Jackson Boulevard bike lane downgraded to buffered, to possibly be installed in spring 2013


The street has lacked lane markings and a bike lane (a conventional bike lane existed prior to repaving) since it was repaved in October 2011.

A year and a half after one segment was completed, the Jackson Boulevard bike lane project may be finished, but with a lesser bike lane. Short of submitting a Freedom of Information Act for communications between the Chicago and Illinois Departments of Transportation and other recipients, here’s what I’ve been able to gather so far.

The Jackson Boulevard bike lane between Ogden Avenue and Halsted Street “will likely be extended to Halsted in Spring 2013 as a buffer protected bike lane”, CDOT public information officer Pete Scales emailed me yesterday.

He means a buffered bike lane.

Only CDOT views a buffered bike lane as protected. The National Association of City Transportation Officials (NACTO), of which Chicago is a member and Gabe Klein its treasurer, defines a buffered bike lane:

Buffered bike lanes are conventional bicycle lanes paired with a designated buffer space separating the bicycle lane from the adjacent motor vehicle travel lane and/or parking lane.

Klein told me in an email after I questioned the labeling practice, “The City of Chicago views ‘protected bike lanes’ as the master category, and within that there are ‘buffer protected’ and ‘barrier protected’ bike facilities. On some streets we will be going back and forth depending on the right of way, and potentially multiple times in a block as we get into more complicated installations.”

Conversely, a “protected bike lane”, or “cycle track”, is defined by NACTO as:

One-way protected cycle tracks are bikeways that are at street level and use a variety of methods for physical protection from passing traffic. A one-way protected cycle track may be combined with a parking lane or other barrier between the cycle track and the motor vehicle travel lane.

The second part of Klein’s statement is understandable: a project like Elston Avenue is considered a “protected bike lane” even though parts of it have no protection (between North and LeMoyne and between Augusta and Milwaukee). This new definition isn’t in line with the publications and communications so far published by the department or with NACTO’s Urban Bikeway Design Guide. Any street to receive only a “buffered bike lane” has strictly been labeled as such, and not with “buffer protected bike lane”. There’s nothing protective about 2-feet wider bike lane when riding between moving traffic and parked cars.

IDOT’s response to my inquiry was ambiguous: “That is certainly one of the issues we have discussed with CDOT and are working with them on, in terms of gathering data about safety impacts, traffic impacts and other operational issues.”

Active Transportation Alliance’s design guide follows NACTO’s definition. I recommend being as clear as possible and describing each project as a “bikeway” with certain various bikeway types within that project having names that are easily distinguishable (see page 103 in this PDF from the Active Transportation Alliance design guide). “Buffered protected” and “barrier protected” are unnecessary classifications for bikeway types already well-defined.

The federal Manual on Uniform Traffic Control Devices (MUTCD) doesn’t define different bikeway types nor restricts the use of “buffered bike lanes” or “protected cycle tracks”.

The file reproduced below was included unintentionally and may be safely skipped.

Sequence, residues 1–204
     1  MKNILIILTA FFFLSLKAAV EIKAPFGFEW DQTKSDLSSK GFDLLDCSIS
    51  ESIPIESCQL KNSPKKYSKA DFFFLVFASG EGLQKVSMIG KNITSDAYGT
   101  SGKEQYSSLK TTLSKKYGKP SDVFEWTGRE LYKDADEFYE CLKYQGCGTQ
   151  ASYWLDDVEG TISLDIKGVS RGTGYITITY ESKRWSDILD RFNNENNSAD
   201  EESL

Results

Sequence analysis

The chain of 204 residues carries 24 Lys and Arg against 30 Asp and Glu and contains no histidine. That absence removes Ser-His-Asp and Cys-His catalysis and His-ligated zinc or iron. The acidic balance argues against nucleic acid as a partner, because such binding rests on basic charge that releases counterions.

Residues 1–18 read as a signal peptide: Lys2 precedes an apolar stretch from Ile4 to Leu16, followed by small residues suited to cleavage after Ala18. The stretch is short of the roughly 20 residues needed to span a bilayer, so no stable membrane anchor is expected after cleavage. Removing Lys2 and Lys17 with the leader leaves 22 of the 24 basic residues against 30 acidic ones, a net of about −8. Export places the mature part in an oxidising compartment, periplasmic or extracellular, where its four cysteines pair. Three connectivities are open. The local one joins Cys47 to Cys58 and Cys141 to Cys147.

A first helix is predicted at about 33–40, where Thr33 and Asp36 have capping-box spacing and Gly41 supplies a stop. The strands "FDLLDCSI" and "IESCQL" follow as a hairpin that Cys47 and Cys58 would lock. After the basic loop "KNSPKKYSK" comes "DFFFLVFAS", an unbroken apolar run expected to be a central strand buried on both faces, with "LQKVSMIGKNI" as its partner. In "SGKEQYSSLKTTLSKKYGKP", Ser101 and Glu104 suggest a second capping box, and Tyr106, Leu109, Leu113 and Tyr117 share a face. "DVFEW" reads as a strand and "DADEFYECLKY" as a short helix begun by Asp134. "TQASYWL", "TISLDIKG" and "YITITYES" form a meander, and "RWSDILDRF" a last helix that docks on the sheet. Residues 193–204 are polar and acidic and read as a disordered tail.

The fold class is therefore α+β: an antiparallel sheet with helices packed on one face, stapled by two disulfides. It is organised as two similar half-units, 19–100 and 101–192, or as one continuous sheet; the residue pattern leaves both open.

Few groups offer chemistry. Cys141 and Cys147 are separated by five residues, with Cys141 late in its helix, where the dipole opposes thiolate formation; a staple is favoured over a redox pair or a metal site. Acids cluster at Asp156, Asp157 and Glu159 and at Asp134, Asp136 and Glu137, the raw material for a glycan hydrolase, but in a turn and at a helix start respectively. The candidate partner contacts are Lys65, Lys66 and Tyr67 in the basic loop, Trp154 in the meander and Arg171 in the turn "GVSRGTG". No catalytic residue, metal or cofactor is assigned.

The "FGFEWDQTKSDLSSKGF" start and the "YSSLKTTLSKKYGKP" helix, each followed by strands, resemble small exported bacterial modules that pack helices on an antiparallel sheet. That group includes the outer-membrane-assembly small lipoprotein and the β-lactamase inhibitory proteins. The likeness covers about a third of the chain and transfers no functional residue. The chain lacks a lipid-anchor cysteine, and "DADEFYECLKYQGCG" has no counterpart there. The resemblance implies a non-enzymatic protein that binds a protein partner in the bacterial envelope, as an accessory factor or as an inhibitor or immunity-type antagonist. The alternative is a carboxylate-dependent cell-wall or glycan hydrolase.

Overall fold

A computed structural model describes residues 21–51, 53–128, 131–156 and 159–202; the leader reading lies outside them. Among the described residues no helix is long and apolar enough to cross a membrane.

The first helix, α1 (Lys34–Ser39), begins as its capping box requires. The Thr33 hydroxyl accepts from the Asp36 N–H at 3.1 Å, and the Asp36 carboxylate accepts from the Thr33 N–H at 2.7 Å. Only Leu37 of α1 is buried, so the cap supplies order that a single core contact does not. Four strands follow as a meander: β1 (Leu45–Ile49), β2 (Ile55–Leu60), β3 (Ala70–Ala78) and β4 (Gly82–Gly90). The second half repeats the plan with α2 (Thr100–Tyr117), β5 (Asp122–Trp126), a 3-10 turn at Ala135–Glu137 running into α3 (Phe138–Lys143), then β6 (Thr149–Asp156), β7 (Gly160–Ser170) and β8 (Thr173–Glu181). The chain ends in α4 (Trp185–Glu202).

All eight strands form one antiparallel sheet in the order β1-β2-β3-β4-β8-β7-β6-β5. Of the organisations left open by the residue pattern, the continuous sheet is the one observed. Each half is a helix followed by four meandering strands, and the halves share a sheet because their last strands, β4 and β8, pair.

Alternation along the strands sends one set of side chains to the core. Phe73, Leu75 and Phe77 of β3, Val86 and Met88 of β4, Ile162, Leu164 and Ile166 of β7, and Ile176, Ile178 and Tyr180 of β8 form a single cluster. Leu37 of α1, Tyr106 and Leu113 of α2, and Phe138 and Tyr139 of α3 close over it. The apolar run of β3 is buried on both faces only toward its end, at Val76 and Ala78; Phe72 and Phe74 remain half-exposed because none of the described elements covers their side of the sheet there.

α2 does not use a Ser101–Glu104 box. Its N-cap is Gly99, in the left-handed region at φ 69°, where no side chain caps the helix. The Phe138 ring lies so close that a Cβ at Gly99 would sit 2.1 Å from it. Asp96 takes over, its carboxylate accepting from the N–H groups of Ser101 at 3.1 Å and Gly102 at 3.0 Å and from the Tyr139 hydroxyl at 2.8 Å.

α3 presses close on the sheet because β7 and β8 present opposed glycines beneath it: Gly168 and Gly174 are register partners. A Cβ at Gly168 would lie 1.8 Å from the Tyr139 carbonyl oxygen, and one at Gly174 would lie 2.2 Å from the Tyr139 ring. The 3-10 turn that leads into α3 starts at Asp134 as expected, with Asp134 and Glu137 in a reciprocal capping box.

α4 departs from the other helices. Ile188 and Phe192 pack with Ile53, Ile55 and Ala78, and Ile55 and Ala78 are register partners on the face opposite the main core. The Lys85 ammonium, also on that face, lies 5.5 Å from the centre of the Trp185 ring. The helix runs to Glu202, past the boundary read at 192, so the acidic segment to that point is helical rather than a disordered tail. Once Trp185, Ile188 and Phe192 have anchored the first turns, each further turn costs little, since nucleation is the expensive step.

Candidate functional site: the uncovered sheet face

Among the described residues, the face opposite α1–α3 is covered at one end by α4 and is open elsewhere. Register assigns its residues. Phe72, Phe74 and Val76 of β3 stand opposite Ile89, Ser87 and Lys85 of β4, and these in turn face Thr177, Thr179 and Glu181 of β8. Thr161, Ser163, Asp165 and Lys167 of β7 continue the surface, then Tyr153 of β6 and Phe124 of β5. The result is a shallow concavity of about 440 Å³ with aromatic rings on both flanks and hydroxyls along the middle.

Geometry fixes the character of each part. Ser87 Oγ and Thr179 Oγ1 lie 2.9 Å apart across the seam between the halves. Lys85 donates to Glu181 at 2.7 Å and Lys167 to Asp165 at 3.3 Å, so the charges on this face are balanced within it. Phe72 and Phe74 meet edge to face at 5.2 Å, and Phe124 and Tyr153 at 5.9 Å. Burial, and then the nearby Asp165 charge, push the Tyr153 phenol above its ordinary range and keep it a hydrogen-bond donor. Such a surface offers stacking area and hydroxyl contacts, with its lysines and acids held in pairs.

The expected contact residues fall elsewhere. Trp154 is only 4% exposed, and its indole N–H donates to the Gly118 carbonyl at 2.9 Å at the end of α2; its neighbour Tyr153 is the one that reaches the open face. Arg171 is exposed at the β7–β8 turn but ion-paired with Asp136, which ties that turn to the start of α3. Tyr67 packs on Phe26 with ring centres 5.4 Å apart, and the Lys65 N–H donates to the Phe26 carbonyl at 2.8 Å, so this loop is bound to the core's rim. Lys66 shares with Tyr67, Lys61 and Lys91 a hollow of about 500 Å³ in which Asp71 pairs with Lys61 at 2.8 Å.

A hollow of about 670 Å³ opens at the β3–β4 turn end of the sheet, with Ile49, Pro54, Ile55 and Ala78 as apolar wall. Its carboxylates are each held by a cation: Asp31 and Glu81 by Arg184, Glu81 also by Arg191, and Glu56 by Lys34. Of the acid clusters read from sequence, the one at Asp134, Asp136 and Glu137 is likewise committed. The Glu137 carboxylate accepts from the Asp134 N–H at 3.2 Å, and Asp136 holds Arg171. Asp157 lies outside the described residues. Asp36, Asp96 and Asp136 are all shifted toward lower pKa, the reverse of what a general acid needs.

Updated December 3 to fix tags and add link to MUTCD reference. 

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Wave of the future: is water travel the answer to Chicago’s congestion woes?


En route from Navy Pier to the Museum Campus aboard a Shoreline Water Taxi.

When I visited Bangkok, Thailand, the endless daytime traffic jams made ground transportation a frustrating experience, but the Khlong Saen Saep canal boat service offered a speedy, fun alternative. Chicago already has a decent water-taxi system, so as our city moves toward Bangkok-style levels of street congestion, could expanded river and lake taxi service offer a hidden hope for fast, enjoyable transportation?

“Our waterways are a completely underutilized traffic network,” says Andrew Sargis, manager of Wendella Sightseeing and its Chicago Water Taxi. “If you look at a map of the city, the North, South and Main branches of the river parallel the Kennedy Expressway, the Dan Ryan and Wacker Drive. We should be using that network to move more people and goods and to fight gridlock.” Continue reading Wave of the future: is water travel the answer to Chicago’s congestion woes?

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Why is there a “vestigal” stoplight just south of Clark/Roosevelt?


Although it’s hard to see, there’s a button-activated, signalized crosswalk located between the first planter median and the jersey wall.

[This piece also runs in Time Out Chicago magazine.]

Q: There’s a working stoplight on Clark south of Roosevelt, that doesn’t seem to have any purpose or function. What’s the deal with this vestigial traffic light?

A: The Chicago Department of Transportation (CDOT) installed this signal during the 2004 rehab of the Clark/Roosevelt intersection, when the Clark underpass was built, says spokesman Pete Scales. The stoplight was included for a future access road to a housing development planned for the vacant land southwest of the intersection. “That massive redevelopment project never got off the ground,” Scales says. “At this point it might take more money to remove the stoplight than leave it in.” Continue reading Why is there a “vestigal” stoplight just south of Clark/Roosevelt?

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